6. 6. Step 4: Distributing the manual to company personnel . . . . . . . . . . . . . . . . . . . . . . . . . . . . . . . . 52 Tool: 13- Memory aid for the development of the employee manual . . . . . . . . . . . . . . . . . . . . . . . . 54 MODULE IV: INDUCTION AND INTEGRATION . . . . . . . . . . . . . . . . . . . . . . . . . . . . . . . . . . . . . . 55 INTRODUCTION . . . . . . . . . . . . . . . . . . . . . . . . . . . . . . . . . . . . . . . . . . . . . . . . . . . . . . . . . . . . . 55 OBJECTIVES OF THE INDUCTION AND INTEGRATION . . . . . . . . . . . . . . . . . . . . . . . . . . . . . . . . 55 STEPS IN THE INDUCTION AND INTEGRATION . . . . . . . . . . . . . . . . . . . . . . . . . . . . . . . . . . . . . 56 Step 1: Preparing for the induction . . . . . . . . . . . . . . . . . . . . . . . . . . . . . . . . . . . . . . . . . . . . . . . 56 Step 2: Induction . . . . . . . . . . . . . . . . . . . . . . . . . . . . . . . . . . . . . . . . . . . . . . . . . . . . . . . . . . . . . 57 Step 3: Integration . . . . . . . . . . . . . . . . . . . . . . . . . . . . . . . . . . . . . . . . . . . . . . . . . . . . . . . . . . . . 58 Step 4: Follow-up . . . . . . . . . . . . . . . . . . . . . . . . . . . . . . . . . . . . . . . . . . . . . . . . . . . . . . . . . . . . . 60 Tools: 14- Sample integration preparation chart . . . . . . . . . . . . . . . . . . . . . . . . . . . . . . . . . . . . . . . . 62 15- Task training chart . . . . . . . . . . . . . . . . . . . . . . . . . . . . . . . . . . . . . . . . . . . . . . . . . . . . . . 63 16- Probation period evaluation chart . . . . . . . . . . . . . . . . . . . . . . . . . . . . . . . . . . . . . . . . . . 64 MODULE V: COMPENSATION POLICY . . . . . . . . . . . . . . . . . . . . . . . . . . . . . . . . . . . . . . . . . . . . 65 INTRODUCTION . . . . . . . . . . . . . . . . . . . . . . . . . . . . . . . . . . . . . . . . . . . . . . . . . . . . . . . . . . . . . 65 OBJECTIVES OF THE COMPENSATION POLICY . . . . . . . . . . . . . . . . . . . . . . . . . . . . . . . . . . . . . 65 GENERAL COMPENSATION STRATEGY . . . . . . . . . . . . . . . . . . . . . . . . . . . . . . . . . . . . . . . . . . . . 66 STEPS IN THE DEVELOPMENT OF A COMPENSATION POLICY . . . . . . . . . . . . . . . . . . . . . . . . . . 66 Step 1: Defining the organization’s compensation issues . . . . . . . . . . . . . . . . . . . . . . . . . . . . . . . 66 Step 2: Identifying and selecting compensation elements . . . . . . . . . . . . . . . . . . . . . . . . . . . . . . 67 Step 3: Analyzing positions . . . . . . . . . . . . . . . . . . . . . . . . . . . . . . . . . . . . . . . . . . . . . . . . . . . . . 68 Step 4: Determining the salaries to appear on the chart . . . . . . . . . . . . . . . . . . . . . . . . . . . . . . . . 70 Step 5: Determining pay increases . . . . . . . . . . . . . . . . . . . . . . . . . . . . . . . . . . . . . . . . . . . . . . . . 70 Step 6: Comparing compensation with that offered on the market . . . . . . . . . . . . . . . . . . . . . . . . 71 Tool: 17- Sample salary scale . . . . . . . . . . . . . . . . . . . . . . . . . . . . . . . . . . . . . . . . . . . . . . . . . . . . . 73 MODULE VI: PERFORMANCE EVALUATION . . . . . . . . . . . . . . . . . . . . . . . . . . . . . . . . . . . . . . . 75 INTRODUCTION . . . . . . . . . . . . . . . . . . . . . . . . . . . . . . . . . . . . . . . . . . . . . . . . . . . . . . . . . . . . . 75 OBJECTIVES OF THE PERFORMANCE EVALUATION . . . . . . . . . . . . . . . . . . . . . . . . . . . . . . . . . . 75 PHASES OF THE PERFORMANCE EVALUATION . . . . . . . . . . . . . . . . . . . . . . . . . . . . . . . . . . . . . 76 PHASE 1 – Individual meeting: discussion and agreement . . . . . . . . . . . . . . . . . . . . . . . . . . . . . . 76 Step 1: Getting prepared . . . . . . . . . . . . . . . . . . . . . . . . . . . . . . . . . . . . . . . . . . . . . . . . . . . . . . . 76 Step 2: Meeting . . . . . . . . . . . . . . . . . . . . . . . . . . . . . . . . . . . . . . . . . . . . . . . . . . . . . . . . . . . . . . 77 Step 3: Exchanging ideas . . . . . . . . . . . . . . . . . . . . . . . . . . . . . . . . . . . . . . . . . . . . . . . . . . . . . . . 77 Step 4: Closing the meeting . . . . . . . . . . . . . . . . . . . . . . . . . . . . . . . . . . . . . . . . . . . . . . . . . . . . . 78 PHASE 2 – Follow-up on the agreement . . . . . . . . . . . . . . . . . . . . . . . . . . . . . . . . . . . . . . . . . . . . 78 PHASE 3 – Performance balance sheet . . . . . . . . . . . . . . . . . . . . . . . . . . . . . . . . . . . . . . . . . . . . 79 Tools: 18- Phase 1 chart – Discussion and mutual agreement . . . . . . . . . . . . . . . . . . . . . . . . . . . . . 81 19- Phase 2 chart – Progress meeting . . . . . . . . . . . . . . . . . . . . . . . . . . . . . . . . . . . . . . . . . . 82 20- Phase 3 chart – Annual meeting . . . . . . . . . . . . . . . . . . . . . . . . . . . . . . . . . . . . . . . . . . . 83 MODULE VII: TRAINING . . . . . . . . . . . . . . . . . . . . . . . . . . . . . . . . . . . . . . . . . . . . . . . . . . . . . . 85 INTRODUCTION . . . . . . . . . . . . . . . . . . . . . . . . . . . . . . . . . . . . . . . . . . . . . . . . . . . . . . . . . . . . . 85 Human resources 5 management guide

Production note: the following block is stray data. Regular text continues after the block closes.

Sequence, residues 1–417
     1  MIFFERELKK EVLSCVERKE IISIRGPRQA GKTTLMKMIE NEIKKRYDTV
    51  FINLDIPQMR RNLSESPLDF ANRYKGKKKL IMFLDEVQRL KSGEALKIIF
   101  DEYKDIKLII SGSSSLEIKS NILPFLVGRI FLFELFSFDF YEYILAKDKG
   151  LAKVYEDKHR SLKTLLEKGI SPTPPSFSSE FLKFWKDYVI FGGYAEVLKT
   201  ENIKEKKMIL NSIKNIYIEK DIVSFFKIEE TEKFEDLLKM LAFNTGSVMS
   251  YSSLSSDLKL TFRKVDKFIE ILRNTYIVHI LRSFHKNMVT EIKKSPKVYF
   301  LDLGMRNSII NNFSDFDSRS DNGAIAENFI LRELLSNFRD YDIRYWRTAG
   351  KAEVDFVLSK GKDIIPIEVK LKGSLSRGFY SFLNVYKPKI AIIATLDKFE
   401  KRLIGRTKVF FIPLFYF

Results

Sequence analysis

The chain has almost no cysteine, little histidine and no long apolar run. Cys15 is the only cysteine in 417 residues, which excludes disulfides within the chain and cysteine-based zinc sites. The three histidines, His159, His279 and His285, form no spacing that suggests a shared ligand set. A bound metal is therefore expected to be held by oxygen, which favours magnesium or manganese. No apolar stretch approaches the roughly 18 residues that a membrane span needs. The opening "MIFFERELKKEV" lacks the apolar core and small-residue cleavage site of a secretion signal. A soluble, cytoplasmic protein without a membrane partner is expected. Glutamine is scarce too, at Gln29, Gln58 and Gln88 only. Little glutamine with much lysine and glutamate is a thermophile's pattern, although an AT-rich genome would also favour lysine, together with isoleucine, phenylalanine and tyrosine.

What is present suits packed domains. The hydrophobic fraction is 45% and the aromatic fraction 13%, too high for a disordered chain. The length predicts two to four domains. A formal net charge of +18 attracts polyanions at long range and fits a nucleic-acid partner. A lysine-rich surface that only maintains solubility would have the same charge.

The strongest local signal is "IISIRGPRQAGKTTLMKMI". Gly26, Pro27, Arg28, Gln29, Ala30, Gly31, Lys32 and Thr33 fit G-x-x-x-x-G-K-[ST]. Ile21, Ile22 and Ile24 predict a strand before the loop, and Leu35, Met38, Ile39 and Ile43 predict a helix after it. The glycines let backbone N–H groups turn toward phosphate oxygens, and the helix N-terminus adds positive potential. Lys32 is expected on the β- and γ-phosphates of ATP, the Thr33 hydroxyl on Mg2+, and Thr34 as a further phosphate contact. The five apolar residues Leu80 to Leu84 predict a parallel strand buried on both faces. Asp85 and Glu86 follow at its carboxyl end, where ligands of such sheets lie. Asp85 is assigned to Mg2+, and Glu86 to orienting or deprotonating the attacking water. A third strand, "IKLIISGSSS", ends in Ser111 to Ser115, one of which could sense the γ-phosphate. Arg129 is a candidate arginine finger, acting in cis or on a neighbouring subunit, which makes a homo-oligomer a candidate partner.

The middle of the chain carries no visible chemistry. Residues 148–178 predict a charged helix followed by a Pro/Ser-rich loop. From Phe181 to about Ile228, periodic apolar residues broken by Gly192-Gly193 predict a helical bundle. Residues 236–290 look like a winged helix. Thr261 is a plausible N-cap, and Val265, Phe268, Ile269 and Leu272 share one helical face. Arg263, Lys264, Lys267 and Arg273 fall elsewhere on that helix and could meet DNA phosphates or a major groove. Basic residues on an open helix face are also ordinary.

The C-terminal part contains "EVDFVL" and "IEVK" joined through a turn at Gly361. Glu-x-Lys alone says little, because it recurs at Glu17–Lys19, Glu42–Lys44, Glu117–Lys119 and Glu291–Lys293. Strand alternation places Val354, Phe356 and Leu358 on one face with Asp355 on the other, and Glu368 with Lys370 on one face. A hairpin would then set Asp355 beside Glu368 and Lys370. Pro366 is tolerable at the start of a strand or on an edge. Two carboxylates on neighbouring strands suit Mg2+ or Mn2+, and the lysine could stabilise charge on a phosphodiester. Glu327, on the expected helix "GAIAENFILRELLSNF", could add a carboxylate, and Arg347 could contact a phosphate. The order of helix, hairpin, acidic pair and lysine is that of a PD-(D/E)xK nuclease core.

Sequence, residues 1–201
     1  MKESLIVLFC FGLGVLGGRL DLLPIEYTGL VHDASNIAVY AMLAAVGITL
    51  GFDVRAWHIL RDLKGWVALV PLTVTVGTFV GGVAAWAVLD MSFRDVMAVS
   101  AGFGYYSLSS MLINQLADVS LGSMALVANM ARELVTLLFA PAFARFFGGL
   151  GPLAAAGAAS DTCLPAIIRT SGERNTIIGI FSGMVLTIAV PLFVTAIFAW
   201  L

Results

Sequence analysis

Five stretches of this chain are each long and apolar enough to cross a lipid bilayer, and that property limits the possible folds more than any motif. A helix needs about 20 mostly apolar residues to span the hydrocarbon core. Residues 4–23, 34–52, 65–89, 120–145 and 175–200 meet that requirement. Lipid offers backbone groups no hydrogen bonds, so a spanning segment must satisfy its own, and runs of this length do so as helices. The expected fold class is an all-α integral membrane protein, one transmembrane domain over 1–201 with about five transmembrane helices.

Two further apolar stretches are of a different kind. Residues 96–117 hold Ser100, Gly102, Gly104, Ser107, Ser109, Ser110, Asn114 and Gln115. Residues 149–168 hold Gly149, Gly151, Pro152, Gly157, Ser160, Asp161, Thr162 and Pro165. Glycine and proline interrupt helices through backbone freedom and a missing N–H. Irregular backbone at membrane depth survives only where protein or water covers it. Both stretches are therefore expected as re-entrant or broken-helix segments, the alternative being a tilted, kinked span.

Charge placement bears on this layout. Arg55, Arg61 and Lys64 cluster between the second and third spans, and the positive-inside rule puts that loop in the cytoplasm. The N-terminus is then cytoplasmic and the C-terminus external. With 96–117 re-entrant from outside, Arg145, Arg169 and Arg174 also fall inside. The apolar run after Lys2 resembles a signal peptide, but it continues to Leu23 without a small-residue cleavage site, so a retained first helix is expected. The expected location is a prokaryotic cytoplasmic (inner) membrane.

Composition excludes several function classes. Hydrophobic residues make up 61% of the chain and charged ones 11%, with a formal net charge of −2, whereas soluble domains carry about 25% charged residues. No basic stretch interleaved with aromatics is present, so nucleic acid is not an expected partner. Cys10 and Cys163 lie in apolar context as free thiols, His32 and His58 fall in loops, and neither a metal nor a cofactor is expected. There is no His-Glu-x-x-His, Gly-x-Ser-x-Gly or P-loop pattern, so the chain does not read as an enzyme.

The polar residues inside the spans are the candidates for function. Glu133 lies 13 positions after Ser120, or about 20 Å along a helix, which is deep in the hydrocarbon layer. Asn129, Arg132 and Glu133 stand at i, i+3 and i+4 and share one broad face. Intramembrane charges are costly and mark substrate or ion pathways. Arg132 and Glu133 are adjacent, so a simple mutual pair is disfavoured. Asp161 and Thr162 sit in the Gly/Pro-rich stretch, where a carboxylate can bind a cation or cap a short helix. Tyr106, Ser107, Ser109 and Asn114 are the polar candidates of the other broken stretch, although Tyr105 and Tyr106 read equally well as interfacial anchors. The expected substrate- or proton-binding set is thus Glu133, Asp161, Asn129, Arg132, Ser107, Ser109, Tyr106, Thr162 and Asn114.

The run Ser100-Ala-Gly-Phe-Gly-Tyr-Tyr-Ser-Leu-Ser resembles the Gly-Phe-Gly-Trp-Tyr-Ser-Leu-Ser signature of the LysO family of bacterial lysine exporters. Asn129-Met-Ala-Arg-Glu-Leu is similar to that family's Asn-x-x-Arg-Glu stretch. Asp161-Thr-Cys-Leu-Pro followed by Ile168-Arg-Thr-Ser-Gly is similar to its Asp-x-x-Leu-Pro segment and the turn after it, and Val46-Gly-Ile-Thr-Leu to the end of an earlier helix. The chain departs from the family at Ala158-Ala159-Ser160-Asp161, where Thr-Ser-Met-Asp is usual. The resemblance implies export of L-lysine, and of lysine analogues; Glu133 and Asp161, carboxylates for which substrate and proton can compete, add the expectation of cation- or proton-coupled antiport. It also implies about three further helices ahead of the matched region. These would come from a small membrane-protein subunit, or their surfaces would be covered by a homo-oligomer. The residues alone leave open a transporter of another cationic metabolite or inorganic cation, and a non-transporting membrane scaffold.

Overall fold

7. 7. TRAINING OBJECTIVES . . . . . . . . . . . . . . . . . . . . . . . . . . . . . . . . . . . . . . . . . . . . . . . . . . . . . . . . 85 KEY DEFINITIONS . . . . . . . . . . . . . . . . . . . . . . . . . . . . . . . . . . . . . . . . . . . . . . . . . . . . . . . . . . . . 85 TRAINING CYCLE . . . . . . . . . . . . . . . . . . . . . . . . . . . . . . . . . . . . . . . . . . . . . . . . . . . . . . . . . . . . 86 Step 1: Identification and analysis of training needs . . . . . . . . . . . . . . . . . . . . . . . . . . . . . . . . . . . 87 Step 2: Planning and designing the training . . . . . . . . . . . . . . . . . . . . . . . . . . . . . . . . . . . . . . . . . 88 Step 3: Training delivery . . . . . . . . . . . . . . . . . . . . . . . . . . . . . . . . . . . . . . . . . . . . . . . . . . . . . . . . 90 Step 4: Evaluation and post-training follow-up . . . . . . . . . . . . . . . . . . . . . . . . . . . . . . . . . . . . . . . 91 Tools: 21- Identification chart for employee training needs . . . . . . . . . . . . . . . . . . . . . . . . . . . . . . . 93 22- Identification chart for manager training needs . . . . . . . . . . . . . . . . . . . . . . . . . . . . . . . . 94 23- General training plan . . . . . . . . . . . . . . . . . . . . . . . . . . . . . . . . . . . . . . . . . . . . . . . . . . . . 96 24- Specific training plan . . . . . . . . . . . . . . . . . . . . . . . . . . . . . . . . . . . . . . . . . . . . . . . . . . . . 97 25- Training evaluation chart . . . . . . . . . . . . . . . . . . . . . . . . . . . . . . . . . . . . . . . . . . . . . . . . . 100 26- Knowledge transfer evaluation chart . . . . . . . . . . . . . . . . . . . . . . . . . . . . . . . . . . . . . . . . 101 MODULE VIII: DISCIPLINARY MEASURES . . . . . . . . . . . . . . . . . . . . . . . . . . . . . . . . . . . . . . . . 103 INTRODUCTION . . . . . . . . . . . . . . . . . . . . . . . . . . . . . . . . . . . . . . . . . . . . . . . . . . . . . . . . . . . . . 103 OBJECTIVES OF DISCIPLINARY MEASURES . . . . . . . . . . . . . . . . . . . . . . . . . . . . . . . . . . . . . . . . 104 KEY DEFINITIONS . . . . . . . . . . . . . . . . . . . . . . . . . . . . . . . . . . . . . . . . . . . . . . . . . . . . . . . . . . . . 104 STEPS IN THE APPLICATION OF DISCIPLINARY MEASURES . . . . . . . . . . . . . . . . . . . . . . . . . . . 105 Step 1: Conciliation interview (explanation phase) . . . . . . . . . . . . . . . . . . . . . . . . . . . . . . . . . . . . 106 Step 2: Conciliation interview (incentive phase) . . . . . . . . . . . . . . . . . . . . . . . . . . . . . . . . . . . . . . 106 Step 3: Interview for disciplinary measures (corrective phase) . . . . . . . . . . . . . . . . . . . . . . . . . . . 106 Step 4: Suspension or dismissal (punitive phase) . . . . . . . . . . . . . . . . . . . . . . . . . . . . . . . . . . . . . 107 Tool: 27- Sample written notice of disciplinary sanction . . . . . . . . . . . . . . . . . . . . . . . . . . . . . . . . . 108 MODULE IX: OCCUPATIONAL HEALTH AND SAFETY . . . . . . . . . . . . . . . . . . . . . . . . . . . . . . . . 109 INTRODUCTION . . . . . . . . . . . . . . . . . . . . . . . . . . . . . . . . . . . . . . . . . . . . . . . . . . . . . . . . . . . . . 109 OBJECTIVES OF OCCUPATIONAL HEALTH AND SAFETY STRATEGIES . . . . . . . . . . . . . . . . . . . . 109 STEPS FOR ELIMINATING DANGER . . . . . . . . . . . . . . . . . . . . . . . . . . . . . . . . . . . . . . . . . . . . . . 109 Step 1: Identifying . . . . . . . . . . . . . . . . . . . . . . . . . . . . . . . . . . . . . . . . . . . . . . . . . . . . . . . . . . . . 110 Step 2: Correcting and preventing . . . . . . . . . . . . . . . . . . . . . . . . . . . . . . . . . . . . . . . . . . . . . . . . 110 Step 3: Control . . . . . . . . . . . . . . . . . . . . . . . . . . . . . . . . . . . . . . . . . . . . . . . . . . . . . . . . . . . . . . 112 MENTAL HEALTH ISSUES . . . . . . . . . . . . . . . . . . . . . . . . . . . . . . . . . . . . . . . . . . . . . . . . . . . . . . 113 OCCUPATIONAL HEALTH AND SAFETY AWARENESS . . . . . . . . . . . . . . . . . . . . . . . . . . . . . . . . . 113 MODULE X: SUPERVISION AND COACHING . . . . . . . . . . . . . . . . . . . . . . . . . . . . . . . . . . . . . . 115 INTRODUCTION . . . . . . . . . . . . . . . . . . . . . . . . . . . . . . . . . . . . . . . . . . . . . . . . . . . . . . . . . . . . . 115 SUPERVISION CYCLE . . . . . . . . . . . . . . . . . . . . . . . . . . . . . . . . . . . . . . . . . . . . . . . . . . . . . . . . . 116 TIME AND PRIORITY MANAGEMENT . . . . . . . . . . . . . . . . . . . . . . . . . . . . . . . . . . . . . . . . . . . . . 117 COMMUNICATION . . . . . . . . . . . . . . . . . . . . . . . . . . . . . . . . . . . . . . . . . . . . . . . . . . . . . . . . . . . . 119 LEADERSHIP . . . . . . . . . . . . . . . . . . . . . . . . . . . . . . . . . . . . . . . . . . . . . . . . . . . . . . . . . . . . . . . . 122 MOBILIZATION . . . . . . . . . . . . . . . . . . . . . . . . . . . . . . . . . . . . . . . . . . . . . . . . . . . . . . . . . . . . . . 125 PERSONNEL RETENTION . . . . . . . . . . . . . . . . . . . . . . . . . . . . . . . . . . . . . . . . . . . . . . . . . . . . . 125 CONCLUSION . . . . . . . . . . . . . . . . . . . . . . . . . . . . . . . . . . . . . . . . . . . . . . . . . . . . . . . . . . . . . . . 129 BIBLIOGRAPHY . . . . . . . . . . . . . . . . . . . . . . . . . . . . . . . . . . . . . . . . . . . . . . . . . . . . . . . . . . . . . . 130 6 Human resources management guide